Brenda Whitfield, an outspoken officer of the community organization Eastwick United CDC, said, as of mid-December, the situation remained “very complicated and complex.” Just a few weeks earlier, residents of neighboring communities in Delaware County — where Army Corps models show flooding could worsen if the levee is built — expressed deep concerns at their own public meeting about the proposal.

In a text message to Grid, Whitfield said that left the Army Corps with “their work cut out for them” in making sure Delaware County communities “are not getting extra floodwaters.” But at the same time, Whitfield lamented that Eastwick residents had not had a seat at the table in prior decades, when Delaware County communities made decisions regarding upstream infrastructure and land use she believed impacted conditions in her Eastwick community. Whitfield says she believes there have been at least “14 different levees, stormwater drains, dikes and private levees,” built in the county.

“So we will see how this plays out,” Whitfield said.

Jaclyn Rhoads, board president of the nonprofit Darby Creek Valley Association (DCVA), believes there’s a path forward. Her organization spans the entire watershed, with constituents in both Delaware and Philadelphia counties. Rhoads told Grid there is an effort underway by the DCVA, Friends of Eastwick, Riverkeepers and Friends of Heinz Refuge to craft a shared vision that includes a number of potential solutions. They were also in conversation with others, such as Eastwick United, Rhoads said.

[The City] needs to become a little bit more outspoken on what the community wants and what their vision is. Time is up.”

— Jaclyn Rhoads, Darby Creek Valley Association

If such groups could present a united front to powerbrokers, Rhoads believes it could create the impetus and pressure for the City to finally deliver a solution in Eastwick that’s not only actionable, but inclusive and holistic.

“[The City] needs to become a little bit more outspoken on what the community wants and what their vision is,” Rhoads says. “Time is up.”

Weighing the options
On paper, the Army Corps’ levee proposal has a lot going for it.

In materials passed out during an October 4 community meeting in Eastwick, a map of the area shows hundreds of green dots in Eastwick marking properties where the Corps believes a levee would reduce flood risk during severe storms. With levee construction costs estimated at $13 million and annual maintenance projected at $67,000, the cost-benefit looks very good, considering the Corps estimates a levee will reduce flood damages by $128 million over 50 years. The Corps proposal also says the federal government will pay for two-thirds of the construction costs.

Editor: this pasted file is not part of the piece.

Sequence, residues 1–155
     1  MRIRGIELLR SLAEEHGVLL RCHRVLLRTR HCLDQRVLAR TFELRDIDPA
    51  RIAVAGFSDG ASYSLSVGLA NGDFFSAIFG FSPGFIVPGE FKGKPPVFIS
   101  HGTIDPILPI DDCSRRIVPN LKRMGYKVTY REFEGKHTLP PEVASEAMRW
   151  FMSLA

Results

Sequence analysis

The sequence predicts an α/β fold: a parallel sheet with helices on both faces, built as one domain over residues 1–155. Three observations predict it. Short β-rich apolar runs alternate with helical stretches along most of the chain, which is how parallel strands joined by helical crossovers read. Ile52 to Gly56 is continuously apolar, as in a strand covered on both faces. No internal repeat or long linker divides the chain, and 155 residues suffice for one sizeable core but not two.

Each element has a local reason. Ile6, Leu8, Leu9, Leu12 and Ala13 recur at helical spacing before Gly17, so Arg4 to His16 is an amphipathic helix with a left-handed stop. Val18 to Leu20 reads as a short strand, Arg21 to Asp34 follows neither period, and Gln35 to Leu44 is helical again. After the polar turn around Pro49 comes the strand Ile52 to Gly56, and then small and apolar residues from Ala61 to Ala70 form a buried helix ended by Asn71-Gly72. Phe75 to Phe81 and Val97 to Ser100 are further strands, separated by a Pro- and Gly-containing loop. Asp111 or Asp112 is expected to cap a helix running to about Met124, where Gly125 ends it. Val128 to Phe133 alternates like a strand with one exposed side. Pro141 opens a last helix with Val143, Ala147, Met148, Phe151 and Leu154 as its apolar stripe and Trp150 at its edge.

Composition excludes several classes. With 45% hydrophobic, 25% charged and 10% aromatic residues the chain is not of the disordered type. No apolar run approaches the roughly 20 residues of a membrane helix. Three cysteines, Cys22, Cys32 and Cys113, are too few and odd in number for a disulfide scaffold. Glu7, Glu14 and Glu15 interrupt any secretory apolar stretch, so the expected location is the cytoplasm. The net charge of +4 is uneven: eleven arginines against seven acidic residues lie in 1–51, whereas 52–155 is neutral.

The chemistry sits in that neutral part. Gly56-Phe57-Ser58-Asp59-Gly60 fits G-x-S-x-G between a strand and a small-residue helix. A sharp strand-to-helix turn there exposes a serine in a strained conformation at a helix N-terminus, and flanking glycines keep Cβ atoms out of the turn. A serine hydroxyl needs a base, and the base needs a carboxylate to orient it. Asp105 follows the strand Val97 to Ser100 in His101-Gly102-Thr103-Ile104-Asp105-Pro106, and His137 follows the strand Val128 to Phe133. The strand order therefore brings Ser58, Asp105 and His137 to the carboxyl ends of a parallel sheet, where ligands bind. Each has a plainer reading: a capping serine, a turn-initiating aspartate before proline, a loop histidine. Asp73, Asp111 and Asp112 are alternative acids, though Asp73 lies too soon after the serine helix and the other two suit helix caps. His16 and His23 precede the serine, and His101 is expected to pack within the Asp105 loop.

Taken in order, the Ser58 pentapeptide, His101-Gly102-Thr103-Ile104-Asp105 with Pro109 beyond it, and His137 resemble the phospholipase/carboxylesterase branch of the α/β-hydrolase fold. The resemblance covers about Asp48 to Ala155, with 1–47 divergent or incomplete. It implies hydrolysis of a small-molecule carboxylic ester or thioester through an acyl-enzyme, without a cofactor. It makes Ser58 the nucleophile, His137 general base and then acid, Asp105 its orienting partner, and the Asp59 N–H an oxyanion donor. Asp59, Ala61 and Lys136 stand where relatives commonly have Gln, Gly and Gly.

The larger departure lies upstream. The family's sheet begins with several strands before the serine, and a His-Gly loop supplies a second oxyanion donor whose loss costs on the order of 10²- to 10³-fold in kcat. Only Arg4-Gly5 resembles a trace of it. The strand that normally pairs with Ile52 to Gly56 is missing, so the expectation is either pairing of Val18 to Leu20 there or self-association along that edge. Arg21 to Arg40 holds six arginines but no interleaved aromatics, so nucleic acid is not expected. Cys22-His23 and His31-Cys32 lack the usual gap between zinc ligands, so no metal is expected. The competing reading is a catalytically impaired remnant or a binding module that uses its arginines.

Plus, a levee can give a real sense of physical security. At about 15-feet in height at its highest point, the levee would provide a tangible barrier higher than the flood levels reached during Hurricanes Floyd, Irene and Isaias, according to the Corps. For all these reasons, the Corps said, the levee was the preferred option over others it studied, such as relocating residents or fortifying homes.

But along the periphery, the faults of the levee proposal can be seen. The same Army Corps maps showing floodwater improvement in Eastwick show scores of properties facing extra flooding further upstream along the Cobbs and Darby creeks, including in Philadelphia’s Elmwood neighborhood and Delaware County’s Darby Borough, Colwyn Borough and Darby Township.

While the Army Corps says such “induced flooding” will likely be minimized by extra capacity at the John Heinz National Wildlife Refuge downstream, Lamar Gore, refuge manager for the U.S. Fish and Wildlife Service, says it isn’t clear to him that Heinz is currently capable of handling extra water.

At the October meeting, Gore instead floated his own proposal to convert over a hundred acres of undeveloped land north of the refuge, currently owned by the City of Philadelphia, into tidal marshland. Then, excess floodwaters from the confluence of the Darby and Cobbs creeks could be channeled through a culvert under 84th Street to the new wetlands, creating a “nature-based solution” to absorb the water from Eastwick without pushing as much into adjoining communities.

But such an arrangement would likely require Philadelphia to transfer the land to the federal government and the popularity of that proposal remains unclear within the confines of City Hall.

“I’ve talked to the City about this, the Corps, and some in the community have come to meetings where we discussed this, too,” Gore said in October. “Some modified version of a levee combined with a nature based-solution could work.”